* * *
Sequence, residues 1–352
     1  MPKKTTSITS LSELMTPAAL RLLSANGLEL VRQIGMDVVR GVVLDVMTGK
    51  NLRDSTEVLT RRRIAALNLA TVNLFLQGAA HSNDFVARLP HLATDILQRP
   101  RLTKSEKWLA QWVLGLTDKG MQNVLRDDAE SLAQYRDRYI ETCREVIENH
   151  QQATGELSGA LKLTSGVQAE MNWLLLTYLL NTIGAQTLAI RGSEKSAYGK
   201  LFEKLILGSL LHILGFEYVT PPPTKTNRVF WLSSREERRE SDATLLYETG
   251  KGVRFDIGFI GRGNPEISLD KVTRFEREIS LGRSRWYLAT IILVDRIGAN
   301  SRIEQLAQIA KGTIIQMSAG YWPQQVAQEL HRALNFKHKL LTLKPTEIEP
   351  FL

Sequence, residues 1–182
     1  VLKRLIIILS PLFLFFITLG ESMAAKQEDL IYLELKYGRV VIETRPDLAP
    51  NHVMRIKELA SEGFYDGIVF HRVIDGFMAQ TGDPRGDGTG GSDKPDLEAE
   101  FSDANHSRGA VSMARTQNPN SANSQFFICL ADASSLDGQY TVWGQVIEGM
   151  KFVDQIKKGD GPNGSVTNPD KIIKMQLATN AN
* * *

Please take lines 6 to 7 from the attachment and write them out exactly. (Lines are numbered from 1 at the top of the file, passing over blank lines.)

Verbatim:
   201  LFEKLILGSL LHILGFEYVT PPPTKTNRVF WLSSREERRE SDATLLYETG
   251  KGVRFDIGFI GRGNPEISLD KVTRFEREIS LGRSRWYLAT IILVDRIGAN